ECI network member Emma Tominey is an Associate Professor at the University of York and a Research Fellow at the Institute for the Study of Labor Economics (IZA). Her research interests are labor economics and applied econometrics. She has worked on topics including youth unemployment and policy evaluation of government incentive programs. In more recent work, Tominey has studied the technology of skill formation, peer effects of female labor supply, and the role of shocks to family resources in the development of child human capital. She received her Ph.D. in Economics from University College London in 2010.
Describe your area of study and how it relates to current policy discussions surrounding inequality.
We know that there is strong persistence in income across generations. I have researched whether income is more productive for child outcomes in one stage of childhood than another and find strong interdependencies in the productivity of income across stages. I have also found an important role of the family and other peer groups in affecting the labour supply decisions of mothers with young children.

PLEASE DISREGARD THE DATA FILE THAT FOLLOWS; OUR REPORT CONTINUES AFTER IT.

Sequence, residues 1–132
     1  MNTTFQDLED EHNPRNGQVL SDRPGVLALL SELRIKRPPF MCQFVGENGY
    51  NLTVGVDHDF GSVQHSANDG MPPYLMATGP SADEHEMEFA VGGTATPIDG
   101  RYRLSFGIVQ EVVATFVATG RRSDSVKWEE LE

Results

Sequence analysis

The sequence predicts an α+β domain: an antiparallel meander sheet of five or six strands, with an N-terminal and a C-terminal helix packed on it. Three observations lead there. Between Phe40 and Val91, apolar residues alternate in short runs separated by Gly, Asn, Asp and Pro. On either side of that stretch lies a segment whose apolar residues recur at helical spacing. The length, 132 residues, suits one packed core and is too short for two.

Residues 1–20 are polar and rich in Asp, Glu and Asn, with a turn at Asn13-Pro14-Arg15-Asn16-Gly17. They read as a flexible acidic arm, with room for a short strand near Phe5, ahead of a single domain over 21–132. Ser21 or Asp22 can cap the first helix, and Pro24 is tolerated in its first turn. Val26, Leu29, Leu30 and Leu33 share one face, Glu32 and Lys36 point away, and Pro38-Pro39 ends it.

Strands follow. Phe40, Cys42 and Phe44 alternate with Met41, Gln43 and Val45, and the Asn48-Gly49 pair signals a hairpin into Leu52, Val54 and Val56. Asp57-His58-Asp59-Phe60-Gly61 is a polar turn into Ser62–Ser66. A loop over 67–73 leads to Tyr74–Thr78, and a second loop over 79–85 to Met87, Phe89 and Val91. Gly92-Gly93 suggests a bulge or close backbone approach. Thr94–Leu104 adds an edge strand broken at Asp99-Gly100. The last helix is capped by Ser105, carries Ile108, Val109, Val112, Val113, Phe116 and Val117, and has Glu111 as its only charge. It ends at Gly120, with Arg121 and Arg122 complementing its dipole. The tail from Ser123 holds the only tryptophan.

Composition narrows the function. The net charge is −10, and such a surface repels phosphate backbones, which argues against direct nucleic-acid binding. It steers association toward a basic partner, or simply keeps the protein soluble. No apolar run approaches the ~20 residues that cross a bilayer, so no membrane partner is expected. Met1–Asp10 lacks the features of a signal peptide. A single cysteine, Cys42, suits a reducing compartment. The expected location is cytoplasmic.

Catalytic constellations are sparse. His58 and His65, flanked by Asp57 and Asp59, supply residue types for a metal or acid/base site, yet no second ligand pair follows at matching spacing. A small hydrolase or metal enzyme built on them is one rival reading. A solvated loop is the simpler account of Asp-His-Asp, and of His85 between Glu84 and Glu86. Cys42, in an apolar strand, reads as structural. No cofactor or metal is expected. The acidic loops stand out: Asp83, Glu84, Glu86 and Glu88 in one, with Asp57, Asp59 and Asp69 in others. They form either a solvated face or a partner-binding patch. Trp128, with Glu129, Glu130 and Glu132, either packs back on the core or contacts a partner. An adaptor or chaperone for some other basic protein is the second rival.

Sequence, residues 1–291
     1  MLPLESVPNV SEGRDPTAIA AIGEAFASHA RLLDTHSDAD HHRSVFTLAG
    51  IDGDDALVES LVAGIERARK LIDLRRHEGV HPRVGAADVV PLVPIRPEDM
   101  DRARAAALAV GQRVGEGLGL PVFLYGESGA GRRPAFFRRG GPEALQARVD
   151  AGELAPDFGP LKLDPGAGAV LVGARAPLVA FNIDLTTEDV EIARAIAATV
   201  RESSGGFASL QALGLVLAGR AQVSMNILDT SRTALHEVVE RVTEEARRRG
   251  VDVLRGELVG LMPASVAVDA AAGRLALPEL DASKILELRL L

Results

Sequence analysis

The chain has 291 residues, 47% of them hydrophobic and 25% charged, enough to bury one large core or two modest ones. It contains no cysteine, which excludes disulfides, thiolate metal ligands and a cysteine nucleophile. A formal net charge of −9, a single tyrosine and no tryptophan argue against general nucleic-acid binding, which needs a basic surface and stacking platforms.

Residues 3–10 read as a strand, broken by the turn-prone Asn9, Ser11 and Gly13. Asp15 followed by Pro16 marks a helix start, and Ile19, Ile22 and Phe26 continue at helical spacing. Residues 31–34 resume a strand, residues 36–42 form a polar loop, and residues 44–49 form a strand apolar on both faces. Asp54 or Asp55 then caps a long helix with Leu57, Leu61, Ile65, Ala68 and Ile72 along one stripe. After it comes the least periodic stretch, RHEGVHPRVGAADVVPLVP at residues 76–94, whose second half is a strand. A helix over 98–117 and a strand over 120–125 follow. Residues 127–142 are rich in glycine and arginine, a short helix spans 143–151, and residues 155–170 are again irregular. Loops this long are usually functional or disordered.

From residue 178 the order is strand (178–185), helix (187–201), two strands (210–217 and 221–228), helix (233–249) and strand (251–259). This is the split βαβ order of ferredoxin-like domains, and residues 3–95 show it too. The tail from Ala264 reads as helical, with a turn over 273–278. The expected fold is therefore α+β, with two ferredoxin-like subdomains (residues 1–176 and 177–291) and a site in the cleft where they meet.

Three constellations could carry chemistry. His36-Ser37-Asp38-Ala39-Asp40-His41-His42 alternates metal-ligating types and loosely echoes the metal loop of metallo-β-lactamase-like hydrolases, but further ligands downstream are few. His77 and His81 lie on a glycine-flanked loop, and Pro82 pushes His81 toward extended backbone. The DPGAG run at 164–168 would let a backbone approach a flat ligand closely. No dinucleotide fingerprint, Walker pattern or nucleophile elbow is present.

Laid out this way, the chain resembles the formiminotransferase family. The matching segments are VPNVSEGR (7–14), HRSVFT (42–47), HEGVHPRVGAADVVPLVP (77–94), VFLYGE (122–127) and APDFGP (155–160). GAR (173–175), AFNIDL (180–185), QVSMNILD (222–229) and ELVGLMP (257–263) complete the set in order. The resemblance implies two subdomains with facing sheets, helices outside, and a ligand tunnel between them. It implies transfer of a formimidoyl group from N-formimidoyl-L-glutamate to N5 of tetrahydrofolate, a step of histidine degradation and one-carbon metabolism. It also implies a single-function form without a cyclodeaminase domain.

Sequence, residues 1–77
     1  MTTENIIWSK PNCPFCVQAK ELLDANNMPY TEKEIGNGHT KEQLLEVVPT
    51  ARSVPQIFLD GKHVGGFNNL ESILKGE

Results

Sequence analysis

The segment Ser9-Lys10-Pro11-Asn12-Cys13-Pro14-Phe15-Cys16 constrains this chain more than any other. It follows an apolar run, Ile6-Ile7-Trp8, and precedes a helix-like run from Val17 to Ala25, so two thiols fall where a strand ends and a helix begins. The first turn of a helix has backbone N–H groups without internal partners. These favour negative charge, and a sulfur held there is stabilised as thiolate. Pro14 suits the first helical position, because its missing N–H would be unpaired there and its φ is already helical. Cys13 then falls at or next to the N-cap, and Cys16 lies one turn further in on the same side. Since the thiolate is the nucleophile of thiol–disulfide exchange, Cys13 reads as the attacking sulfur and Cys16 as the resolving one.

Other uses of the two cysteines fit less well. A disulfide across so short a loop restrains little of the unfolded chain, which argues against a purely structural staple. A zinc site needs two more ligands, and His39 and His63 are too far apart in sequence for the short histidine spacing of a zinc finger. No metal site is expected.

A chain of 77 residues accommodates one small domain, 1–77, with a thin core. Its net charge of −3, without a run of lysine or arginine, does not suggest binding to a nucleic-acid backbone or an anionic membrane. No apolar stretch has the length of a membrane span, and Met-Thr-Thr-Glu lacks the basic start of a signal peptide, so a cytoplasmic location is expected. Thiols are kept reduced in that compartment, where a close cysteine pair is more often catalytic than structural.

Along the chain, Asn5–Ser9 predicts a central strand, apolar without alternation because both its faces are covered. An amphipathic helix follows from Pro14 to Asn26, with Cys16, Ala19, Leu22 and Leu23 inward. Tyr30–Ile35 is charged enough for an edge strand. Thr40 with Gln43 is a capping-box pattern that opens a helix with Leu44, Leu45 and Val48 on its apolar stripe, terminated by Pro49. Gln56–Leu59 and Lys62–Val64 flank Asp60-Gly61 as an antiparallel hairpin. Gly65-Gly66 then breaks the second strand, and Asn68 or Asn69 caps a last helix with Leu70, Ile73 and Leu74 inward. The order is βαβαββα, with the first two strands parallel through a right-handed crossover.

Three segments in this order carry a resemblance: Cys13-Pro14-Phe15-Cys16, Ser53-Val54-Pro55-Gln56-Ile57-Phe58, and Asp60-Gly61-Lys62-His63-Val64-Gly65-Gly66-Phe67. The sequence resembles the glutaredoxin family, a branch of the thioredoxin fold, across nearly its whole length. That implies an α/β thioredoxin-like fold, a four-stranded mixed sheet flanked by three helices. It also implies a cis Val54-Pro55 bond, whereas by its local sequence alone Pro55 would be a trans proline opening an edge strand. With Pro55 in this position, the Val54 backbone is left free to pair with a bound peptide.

In another area of research, I’ve looked at how policy can improve the ability of households to insure themselves against income shocks. For example access to maternity leave can allow new mothers to react to negative household shocks by returning to work more quickly.
What areas in the study of inequality are most in need of new research?
There is a black box regarding the child production function and many open research questions to help us understand it. For example, what do parents understand of the child production function and do they know how their actions will affect their children? How much uncertainty do parents face regarding returns to their decisions and can policy help to reduce this uncertainty?
What advice do you have for emerging scholars in your field?
Try to tell the world something meaningful from your research. Identification is very important of course, but learning something from your work and contributing to important debates is crucial.